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Mallo, C.J. Mintz, D.L. Lewis, K.C. (2014). Integrating Psychosocial Concepts into Psychopharmacology Training: A Survey Study of Program Directors and Chief Residents. Psychodyn. Psych., 42(2):243-253.

(2014). Psychodynamic Psychiatry, 42(2):243-253

Integrating Psychosocial Concepts into Psychopharmacology Training: A Survey Study of Program Directors and Chief Residents Related Papers

C. Jason Mallo, D.O., David L. Mintz, M.D. and Katie C. Lewis, M.A.

A growing body of evidence suggests that psychiatric medication outcomes are shaped significantly by psychological and social factors surrounding the prescribing process. Little, however, is known about the extent to which psychiatry programs integrate this evidence base into residency training or the methods by which this is accomplished. Psychiatry residency program directors and chief residents participated in an exploratory online survey to establish how psychosocial factors known to impact medication outcomes are integrated into psychopharmacology education. While participants highly valued the importance of psychosocial factors in the prescribing process, there was limited emphasis of these factors in psychopharmacology training. Additionally, some teaching methods that could advance understanding of complex interactions in the psychopharmacology relationship were found to be underutilized. Given that medication outcomes are significantly influenced by psychosocial factors, psychiatric educators have a responsibility to teach residents about the evidence base available. Residents exposed to this evidence base will be better equipped to manage the complexities of the psychopharmacology role. The results of this study offer clues as to how psychosocial factors may be more fully integrated into residency psychopharmacology training.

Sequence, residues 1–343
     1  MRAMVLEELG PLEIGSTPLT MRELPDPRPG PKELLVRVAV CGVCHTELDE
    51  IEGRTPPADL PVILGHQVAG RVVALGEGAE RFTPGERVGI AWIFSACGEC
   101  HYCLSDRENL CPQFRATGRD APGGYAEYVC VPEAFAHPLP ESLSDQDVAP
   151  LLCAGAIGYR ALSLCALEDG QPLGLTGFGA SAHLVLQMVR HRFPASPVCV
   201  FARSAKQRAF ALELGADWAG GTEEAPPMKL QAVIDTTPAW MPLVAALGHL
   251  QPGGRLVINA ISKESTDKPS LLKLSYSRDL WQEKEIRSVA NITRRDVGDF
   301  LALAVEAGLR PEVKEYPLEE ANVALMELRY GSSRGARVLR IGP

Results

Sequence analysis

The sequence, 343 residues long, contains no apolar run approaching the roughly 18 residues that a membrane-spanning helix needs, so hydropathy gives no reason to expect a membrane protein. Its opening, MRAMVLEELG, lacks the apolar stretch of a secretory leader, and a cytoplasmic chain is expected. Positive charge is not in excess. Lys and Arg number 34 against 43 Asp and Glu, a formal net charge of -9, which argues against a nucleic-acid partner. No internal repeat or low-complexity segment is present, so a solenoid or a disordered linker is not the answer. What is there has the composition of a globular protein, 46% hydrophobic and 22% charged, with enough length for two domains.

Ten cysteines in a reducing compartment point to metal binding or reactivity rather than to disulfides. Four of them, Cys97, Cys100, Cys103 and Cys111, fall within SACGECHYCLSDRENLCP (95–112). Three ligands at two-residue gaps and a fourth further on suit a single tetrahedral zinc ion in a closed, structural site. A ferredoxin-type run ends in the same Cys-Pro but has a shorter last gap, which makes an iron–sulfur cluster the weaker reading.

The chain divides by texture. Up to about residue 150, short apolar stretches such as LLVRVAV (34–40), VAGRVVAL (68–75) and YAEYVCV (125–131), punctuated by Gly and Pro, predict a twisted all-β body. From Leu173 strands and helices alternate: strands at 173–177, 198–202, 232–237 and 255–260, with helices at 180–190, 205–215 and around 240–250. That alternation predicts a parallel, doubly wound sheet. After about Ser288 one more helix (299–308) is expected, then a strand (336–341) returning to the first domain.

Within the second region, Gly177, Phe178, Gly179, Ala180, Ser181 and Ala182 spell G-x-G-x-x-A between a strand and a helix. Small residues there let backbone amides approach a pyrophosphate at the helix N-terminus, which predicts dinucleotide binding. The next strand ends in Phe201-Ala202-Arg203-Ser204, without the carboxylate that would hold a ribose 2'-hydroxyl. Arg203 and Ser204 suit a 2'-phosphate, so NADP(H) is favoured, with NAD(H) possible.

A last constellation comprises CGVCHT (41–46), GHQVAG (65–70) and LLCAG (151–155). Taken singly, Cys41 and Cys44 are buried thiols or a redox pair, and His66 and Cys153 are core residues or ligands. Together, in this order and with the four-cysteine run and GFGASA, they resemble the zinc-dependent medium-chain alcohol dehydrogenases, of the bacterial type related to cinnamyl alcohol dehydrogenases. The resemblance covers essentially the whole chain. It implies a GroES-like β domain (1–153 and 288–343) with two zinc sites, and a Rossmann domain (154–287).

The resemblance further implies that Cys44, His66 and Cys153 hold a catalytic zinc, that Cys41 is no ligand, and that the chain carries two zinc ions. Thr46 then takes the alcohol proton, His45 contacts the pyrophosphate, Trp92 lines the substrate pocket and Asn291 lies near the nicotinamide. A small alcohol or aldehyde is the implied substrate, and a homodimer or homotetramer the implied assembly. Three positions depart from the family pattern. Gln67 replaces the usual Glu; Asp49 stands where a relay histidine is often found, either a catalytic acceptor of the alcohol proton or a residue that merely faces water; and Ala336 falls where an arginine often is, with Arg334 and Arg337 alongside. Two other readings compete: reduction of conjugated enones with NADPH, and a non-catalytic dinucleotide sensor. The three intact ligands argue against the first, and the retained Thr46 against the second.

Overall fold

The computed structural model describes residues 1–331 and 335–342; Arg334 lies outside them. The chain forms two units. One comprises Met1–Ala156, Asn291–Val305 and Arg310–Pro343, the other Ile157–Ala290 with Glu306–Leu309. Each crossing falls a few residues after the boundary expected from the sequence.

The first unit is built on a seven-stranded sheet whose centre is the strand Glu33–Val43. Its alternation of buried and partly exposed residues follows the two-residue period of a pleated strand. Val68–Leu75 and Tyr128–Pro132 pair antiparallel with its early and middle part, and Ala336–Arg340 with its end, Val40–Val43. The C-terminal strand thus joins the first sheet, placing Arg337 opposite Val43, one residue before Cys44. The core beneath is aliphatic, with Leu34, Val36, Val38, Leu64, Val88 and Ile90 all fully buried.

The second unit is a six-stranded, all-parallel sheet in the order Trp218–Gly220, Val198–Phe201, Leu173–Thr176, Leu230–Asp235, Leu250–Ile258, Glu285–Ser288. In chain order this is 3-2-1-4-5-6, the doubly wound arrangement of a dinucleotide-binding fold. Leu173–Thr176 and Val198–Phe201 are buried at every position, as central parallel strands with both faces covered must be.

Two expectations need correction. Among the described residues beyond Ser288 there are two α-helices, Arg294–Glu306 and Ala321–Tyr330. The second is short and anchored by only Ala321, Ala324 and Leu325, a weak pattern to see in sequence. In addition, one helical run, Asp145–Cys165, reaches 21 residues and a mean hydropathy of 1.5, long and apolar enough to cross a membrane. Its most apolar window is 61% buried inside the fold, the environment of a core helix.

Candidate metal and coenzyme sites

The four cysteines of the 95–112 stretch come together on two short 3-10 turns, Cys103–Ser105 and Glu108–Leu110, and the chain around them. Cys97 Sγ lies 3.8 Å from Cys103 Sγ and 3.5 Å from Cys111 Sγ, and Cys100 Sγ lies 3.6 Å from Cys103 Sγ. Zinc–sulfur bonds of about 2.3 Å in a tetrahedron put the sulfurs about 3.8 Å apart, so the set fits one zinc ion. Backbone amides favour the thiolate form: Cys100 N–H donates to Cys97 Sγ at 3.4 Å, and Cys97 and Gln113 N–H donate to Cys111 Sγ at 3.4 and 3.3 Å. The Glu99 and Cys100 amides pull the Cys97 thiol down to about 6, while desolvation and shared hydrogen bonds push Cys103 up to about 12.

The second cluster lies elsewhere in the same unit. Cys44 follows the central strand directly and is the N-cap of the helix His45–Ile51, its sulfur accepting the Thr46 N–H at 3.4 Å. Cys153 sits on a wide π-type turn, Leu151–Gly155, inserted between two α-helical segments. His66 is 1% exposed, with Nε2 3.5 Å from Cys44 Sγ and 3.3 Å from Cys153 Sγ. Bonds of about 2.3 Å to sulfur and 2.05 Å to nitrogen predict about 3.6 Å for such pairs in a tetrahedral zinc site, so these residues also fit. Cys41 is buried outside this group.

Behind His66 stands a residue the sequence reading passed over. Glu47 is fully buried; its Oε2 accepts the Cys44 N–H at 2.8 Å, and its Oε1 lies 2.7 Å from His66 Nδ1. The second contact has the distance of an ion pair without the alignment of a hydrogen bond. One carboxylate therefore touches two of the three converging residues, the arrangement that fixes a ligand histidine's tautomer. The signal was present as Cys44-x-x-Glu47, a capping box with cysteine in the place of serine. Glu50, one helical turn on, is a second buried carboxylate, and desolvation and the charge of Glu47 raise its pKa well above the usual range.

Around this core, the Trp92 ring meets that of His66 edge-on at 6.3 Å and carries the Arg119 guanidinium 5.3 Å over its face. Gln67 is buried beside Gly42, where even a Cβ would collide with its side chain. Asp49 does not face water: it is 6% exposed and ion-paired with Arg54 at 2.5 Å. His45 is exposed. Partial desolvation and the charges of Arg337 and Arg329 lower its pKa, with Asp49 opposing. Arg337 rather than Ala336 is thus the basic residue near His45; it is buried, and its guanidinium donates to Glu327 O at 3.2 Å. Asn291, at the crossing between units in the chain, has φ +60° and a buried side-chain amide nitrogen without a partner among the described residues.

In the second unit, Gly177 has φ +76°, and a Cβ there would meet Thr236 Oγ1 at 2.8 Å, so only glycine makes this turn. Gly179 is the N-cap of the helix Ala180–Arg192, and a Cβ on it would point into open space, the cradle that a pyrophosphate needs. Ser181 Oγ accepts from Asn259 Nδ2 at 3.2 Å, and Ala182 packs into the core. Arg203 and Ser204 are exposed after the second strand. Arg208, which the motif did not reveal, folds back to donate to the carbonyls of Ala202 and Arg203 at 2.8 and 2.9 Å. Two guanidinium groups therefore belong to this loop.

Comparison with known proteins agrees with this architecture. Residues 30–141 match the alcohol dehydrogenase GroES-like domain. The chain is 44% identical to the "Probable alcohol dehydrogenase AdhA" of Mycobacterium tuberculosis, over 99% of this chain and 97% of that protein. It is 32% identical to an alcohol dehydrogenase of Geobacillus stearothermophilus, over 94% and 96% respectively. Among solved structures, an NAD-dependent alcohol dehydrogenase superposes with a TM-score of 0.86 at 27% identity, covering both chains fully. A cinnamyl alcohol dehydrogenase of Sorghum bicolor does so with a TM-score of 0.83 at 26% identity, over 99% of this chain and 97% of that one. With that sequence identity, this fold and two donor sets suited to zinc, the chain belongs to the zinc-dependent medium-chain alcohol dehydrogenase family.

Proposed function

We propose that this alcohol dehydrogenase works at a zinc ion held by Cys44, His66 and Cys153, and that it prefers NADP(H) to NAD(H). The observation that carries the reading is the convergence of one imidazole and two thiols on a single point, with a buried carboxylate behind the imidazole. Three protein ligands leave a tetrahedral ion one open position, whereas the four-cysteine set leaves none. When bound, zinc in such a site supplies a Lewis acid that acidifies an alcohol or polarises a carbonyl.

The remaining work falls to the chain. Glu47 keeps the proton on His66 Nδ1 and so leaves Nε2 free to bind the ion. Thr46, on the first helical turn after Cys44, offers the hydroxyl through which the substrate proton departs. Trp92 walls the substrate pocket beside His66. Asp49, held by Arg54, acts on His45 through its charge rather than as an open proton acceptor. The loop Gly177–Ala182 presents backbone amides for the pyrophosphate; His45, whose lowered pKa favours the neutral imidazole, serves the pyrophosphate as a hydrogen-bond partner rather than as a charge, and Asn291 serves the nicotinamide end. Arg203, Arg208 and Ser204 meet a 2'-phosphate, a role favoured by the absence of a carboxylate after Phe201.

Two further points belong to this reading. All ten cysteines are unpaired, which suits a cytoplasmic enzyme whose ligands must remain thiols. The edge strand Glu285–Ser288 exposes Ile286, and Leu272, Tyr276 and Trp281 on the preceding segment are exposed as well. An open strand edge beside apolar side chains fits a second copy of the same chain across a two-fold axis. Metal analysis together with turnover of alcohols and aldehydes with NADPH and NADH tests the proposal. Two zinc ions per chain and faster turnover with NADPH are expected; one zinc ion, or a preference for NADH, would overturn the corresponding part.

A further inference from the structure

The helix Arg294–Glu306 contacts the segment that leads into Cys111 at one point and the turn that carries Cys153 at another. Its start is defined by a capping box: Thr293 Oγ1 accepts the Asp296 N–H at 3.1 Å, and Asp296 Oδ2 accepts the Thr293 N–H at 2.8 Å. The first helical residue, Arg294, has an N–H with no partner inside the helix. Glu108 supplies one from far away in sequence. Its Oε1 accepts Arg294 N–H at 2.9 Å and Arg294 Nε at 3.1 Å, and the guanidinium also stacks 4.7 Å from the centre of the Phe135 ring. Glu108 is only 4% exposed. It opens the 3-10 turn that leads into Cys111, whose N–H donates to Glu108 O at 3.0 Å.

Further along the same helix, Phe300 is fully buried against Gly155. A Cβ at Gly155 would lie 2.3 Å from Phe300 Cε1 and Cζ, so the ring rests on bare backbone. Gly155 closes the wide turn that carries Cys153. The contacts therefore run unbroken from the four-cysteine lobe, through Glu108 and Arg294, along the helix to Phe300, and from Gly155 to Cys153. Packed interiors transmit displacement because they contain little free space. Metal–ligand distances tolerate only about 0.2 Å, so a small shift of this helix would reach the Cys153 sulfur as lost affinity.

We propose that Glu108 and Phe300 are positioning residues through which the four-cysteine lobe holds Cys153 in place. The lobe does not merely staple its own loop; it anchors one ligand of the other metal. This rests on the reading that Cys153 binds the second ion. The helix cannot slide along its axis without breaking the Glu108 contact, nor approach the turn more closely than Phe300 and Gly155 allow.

[This is a summary excerpt from the full text of the journal article. The full text of the document is available to journal subscribers on the publisher's website here.]

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